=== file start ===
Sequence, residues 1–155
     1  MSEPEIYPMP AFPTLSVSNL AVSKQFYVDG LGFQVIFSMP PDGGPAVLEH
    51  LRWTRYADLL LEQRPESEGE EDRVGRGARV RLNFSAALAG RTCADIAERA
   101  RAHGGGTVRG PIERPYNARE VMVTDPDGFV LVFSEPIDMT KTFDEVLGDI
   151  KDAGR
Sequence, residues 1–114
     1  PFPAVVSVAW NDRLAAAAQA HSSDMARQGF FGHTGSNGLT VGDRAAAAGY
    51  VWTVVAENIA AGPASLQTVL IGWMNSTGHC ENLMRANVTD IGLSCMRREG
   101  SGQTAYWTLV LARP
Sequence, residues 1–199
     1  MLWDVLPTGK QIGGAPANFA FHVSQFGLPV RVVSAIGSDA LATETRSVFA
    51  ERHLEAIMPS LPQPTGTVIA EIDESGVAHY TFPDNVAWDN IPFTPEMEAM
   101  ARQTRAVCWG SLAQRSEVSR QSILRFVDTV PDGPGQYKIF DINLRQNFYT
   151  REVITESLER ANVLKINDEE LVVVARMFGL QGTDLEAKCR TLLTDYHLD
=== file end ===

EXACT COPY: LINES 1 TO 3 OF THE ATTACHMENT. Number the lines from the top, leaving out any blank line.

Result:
Sequence, residues 1–155
     1  MSEPEIYPMP AFPTLSVSNL AVSKQFYVDG LGFQVIFSMP PDGGPAVLEH
    51  LRWTRYADLL LEQRPESEGE EDRVGRGARV RLNFSAALAG RTCADIAERA